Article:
FOR IMMEDIATE RELEASE
Contact: Mandi Yohn, 202-777-2509
APHA disappointed by House Appropriations Committee’s fiscal year 2016 Labor, Health and Human Services funding bill
Legislation would defund Affordable Care Act programs and family planning services
Washington, D.C., June 18, 2015 — The American Public Health Association voiced strong disappointment with the fiscal year 2016 Labor, Health and Human Services funding bill approved yesterday by the House Labor-HHS-Education Appropriations Subcommittee. The bill contains several provisions that threaten programs critical to protecting public health. While APHA strongly supports increases for agencies like the Centers for Disease Control and Prevention, these increases must not come at the expense of other equally important programs.
“The funding levels in this bill are simply not adequate,” said APHA Executive Director Georges Benjamin, MD. “Ongoing austerity measures including sequestration continue to limit the needed funding for programs that enable Americans and the communities in which we live to be safe, to be healthy and to thrive.”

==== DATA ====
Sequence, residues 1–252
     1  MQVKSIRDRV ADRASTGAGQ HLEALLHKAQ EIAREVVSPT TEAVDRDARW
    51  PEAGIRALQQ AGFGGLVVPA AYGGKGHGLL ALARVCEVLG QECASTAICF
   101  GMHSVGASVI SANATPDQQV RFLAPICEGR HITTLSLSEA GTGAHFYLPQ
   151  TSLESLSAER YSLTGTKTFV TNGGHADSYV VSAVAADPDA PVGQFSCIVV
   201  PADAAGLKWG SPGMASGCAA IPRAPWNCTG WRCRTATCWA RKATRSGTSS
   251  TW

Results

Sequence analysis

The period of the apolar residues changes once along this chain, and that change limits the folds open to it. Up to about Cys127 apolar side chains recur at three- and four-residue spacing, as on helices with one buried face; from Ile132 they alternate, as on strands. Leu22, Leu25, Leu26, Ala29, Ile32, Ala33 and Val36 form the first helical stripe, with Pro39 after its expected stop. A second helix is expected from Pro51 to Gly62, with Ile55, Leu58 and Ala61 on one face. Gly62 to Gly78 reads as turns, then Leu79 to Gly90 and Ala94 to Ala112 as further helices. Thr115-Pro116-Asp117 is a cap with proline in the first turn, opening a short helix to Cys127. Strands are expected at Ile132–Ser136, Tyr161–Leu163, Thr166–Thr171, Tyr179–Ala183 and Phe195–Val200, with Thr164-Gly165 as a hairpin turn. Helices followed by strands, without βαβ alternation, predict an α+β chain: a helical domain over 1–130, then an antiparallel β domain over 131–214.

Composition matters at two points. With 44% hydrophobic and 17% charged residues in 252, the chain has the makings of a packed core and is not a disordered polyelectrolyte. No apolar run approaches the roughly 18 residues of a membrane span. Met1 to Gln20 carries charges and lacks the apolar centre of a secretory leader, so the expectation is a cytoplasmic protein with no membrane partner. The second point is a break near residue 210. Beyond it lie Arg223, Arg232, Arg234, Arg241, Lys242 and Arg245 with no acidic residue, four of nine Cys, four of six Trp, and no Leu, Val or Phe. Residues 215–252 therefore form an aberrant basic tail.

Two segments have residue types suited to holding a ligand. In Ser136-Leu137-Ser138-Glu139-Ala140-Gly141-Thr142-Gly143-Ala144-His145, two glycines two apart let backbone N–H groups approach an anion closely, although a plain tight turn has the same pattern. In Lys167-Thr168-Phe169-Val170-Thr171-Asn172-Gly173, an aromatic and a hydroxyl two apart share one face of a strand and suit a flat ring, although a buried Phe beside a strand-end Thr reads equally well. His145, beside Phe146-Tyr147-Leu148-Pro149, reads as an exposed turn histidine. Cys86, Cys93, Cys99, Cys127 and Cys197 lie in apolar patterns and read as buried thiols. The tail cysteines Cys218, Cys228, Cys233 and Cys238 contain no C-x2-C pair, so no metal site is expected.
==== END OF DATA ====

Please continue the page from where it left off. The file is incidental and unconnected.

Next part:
The bill cuts funding for the Health Resources and Services Administration and eliminates the agency’s Title X Family Planning Program, which provides family planning services and other preventative health care for low-income, under-insured and uninsured Americans. Other casualties of the bill include termination of the entire Agency for Healthcare Research and Quality, which provides critical research to improve quality, safety and efficiency and reduce costs in the health care system.
The bill would also defund programs under the Affordable Care Act and prohibit its implementation. It rescinds prior-year mandatory funds and blocks the use of any new discretionary funding to the ACA.
“The ACA and Title X have been instrumental in providing health care services to millions of Americans in need. By slashing funds to these programs, Congress is putting the nation’s health at risk,” said Benjamin. “Congress should take this opportunity to reassess the impact these funding cuts will have on public health. We must strive toward crafting policy that protects vital public health services, ensures access to care and eliminates health disparities.”
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